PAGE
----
Kindergarten by Beijing born documentary maker Zhang Yiqing is a simple yet fascinating look into the world of a Wuhan based boarding kindergarten in China’s Hubei province.It follows 14 months in the lives of children in junior, middle and senior classes from the soul destroying first day when children will leave their parents for the first time to the friendships (and enemies) that they form with their classmates. Other than the timeline, the documentary does not have a plot as such but this makes it no less compelling. It is a mixture of fly-on-the-wall filming with the children just going about their daily routine and interviews conducted by their teachers.
The interviews with children are often hilarious as their teacher inquires into whether they fancy members of the opposite sex or questioning how they feel about the Chinese soccer team. The answers can also be quite a shock when you see how young the hatred of the Japanese is instilled into some of these kids, particularly when the question of what they want to be when they grow up is asked. This is met with the usual policeman, nurse, fireman responses with the exception of one boy’s career ambitions is to build weapons in order to blow up Japan. These racist views of the Japanese as well as some interesting thoughts on America, 9/11 and the war in Iraq are obviously mirrored views of their parents. This serves as a cautionary reminder that our children are sponges taking in opinions and values of the adult world.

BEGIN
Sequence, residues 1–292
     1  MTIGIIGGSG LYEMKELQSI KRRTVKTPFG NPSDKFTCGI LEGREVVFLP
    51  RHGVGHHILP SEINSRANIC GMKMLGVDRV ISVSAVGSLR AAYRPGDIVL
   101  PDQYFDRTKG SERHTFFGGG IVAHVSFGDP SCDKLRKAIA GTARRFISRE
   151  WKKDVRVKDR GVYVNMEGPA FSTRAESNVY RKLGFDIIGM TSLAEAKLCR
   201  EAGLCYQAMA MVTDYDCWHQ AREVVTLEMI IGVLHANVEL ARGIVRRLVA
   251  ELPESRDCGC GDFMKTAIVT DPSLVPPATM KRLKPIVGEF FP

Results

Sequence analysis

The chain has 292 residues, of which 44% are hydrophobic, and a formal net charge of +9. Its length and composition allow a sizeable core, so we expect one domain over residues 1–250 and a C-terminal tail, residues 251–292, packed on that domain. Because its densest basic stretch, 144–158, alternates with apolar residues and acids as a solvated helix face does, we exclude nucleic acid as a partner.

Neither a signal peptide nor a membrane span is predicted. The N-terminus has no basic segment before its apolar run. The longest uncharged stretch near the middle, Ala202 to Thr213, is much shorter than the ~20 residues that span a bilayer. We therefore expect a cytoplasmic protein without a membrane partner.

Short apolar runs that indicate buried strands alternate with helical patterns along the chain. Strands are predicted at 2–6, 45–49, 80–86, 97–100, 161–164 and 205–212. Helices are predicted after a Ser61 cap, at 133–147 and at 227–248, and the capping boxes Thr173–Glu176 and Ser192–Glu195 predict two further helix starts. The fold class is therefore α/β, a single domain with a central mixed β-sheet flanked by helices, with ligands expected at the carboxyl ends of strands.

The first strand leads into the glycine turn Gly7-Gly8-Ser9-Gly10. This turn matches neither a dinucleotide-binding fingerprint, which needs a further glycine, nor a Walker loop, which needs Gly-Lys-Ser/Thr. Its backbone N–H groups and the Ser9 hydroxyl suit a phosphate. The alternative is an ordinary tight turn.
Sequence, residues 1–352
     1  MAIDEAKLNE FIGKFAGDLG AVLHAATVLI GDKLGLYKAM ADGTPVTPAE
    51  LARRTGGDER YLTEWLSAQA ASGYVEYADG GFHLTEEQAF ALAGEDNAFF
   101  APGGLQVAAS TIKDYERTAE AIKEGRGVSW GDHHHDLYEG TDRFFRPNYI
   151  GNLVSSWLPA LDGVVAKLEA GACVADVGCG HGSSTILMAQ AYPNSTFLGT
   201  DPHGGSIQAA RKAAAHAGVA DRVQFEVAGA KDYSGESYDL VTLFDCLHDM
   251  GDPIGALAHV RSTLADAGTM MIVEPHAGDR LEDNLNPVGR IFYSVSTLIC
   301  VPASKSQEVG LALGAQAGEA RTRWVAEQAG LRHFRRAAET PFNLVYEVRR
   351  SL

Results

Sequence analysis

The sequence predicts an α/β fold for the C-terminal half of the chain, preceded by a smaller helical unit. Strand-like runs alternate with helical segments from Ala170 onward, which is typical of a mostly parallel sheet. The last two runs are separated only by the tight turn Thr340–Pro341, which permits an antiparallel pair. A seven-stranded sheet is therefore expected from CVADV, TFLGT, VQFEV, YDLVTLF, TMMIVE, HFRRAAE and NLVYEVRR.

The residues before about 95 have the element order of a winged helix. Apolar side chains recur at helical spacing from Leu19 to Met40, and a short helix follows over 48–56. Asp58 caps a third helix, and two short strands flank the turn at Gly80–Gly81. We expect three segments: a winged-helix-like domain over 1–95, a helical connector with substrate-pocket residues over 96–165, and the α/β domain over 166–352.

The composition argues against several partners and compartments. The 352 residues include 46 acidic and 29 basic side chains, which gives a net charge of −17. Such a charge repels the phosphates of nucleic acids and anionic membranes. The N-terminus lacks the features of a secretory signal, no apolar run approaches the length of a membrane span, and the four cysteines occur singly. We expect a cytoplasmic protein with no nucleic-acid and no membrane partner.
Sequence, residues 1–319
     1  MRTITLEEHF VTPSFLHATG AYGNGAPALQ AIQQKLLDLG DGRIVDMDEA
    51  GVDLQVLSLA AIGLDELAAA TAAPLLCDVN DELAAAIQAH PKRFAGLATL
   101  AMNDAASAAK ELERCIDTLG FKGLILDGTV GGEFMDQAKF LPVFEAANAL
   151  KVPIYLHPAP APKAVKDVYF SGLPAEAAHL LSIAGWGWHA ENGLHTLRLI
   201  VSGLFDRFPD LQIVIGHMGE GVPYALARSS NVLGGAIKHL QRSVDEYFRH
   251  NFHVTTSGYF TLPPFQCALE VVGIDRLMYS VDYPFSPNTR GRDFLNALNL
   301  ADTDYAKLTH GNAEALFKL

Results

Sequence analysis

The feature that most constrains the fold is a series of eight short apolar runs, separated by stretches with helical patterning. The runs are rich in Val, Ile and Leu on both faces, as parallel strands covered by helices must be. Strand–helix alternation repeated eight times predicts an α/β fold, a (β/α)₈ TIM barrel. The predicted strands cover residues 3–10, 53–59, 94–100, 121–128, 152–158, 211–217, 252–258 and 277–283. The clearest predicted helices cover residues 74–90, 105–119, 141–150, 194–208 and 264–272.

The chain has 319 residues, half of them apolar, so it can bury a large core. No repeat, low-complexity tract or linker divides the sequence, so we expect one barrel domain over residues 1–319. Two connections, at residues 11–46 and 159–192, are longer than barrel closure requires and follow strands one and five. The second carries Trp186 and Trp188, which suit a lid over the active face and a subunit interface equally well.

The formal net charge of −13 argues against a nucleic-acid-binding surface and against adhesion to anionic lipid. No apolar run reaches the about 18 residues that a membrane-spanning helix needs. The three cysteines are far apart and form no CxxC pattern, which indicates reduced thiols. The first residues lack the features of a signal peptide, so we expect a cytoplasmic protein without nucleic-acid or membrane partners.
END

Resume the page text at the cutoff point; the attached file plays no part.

Interesting too, was that in a country so rich in history, culture as well as many natural wonders, the only school excursion shown here is a trip to a Coca Cola factory where the children marvel at the size of the factory and guzzle down free cans of Coke. Whether this was a subtle comment on the changing face of China, I am not sure, but it was a little sad to see the admiration these children had for a massive American corporation.Kindergarten shows how universal the innocence of childhood is whilst reminding parents that children of this age are a true reflection of themselves and the responsibility that this involves. It is a fine accomplishment that a documentary so simple can leave an audience thinking so deeply.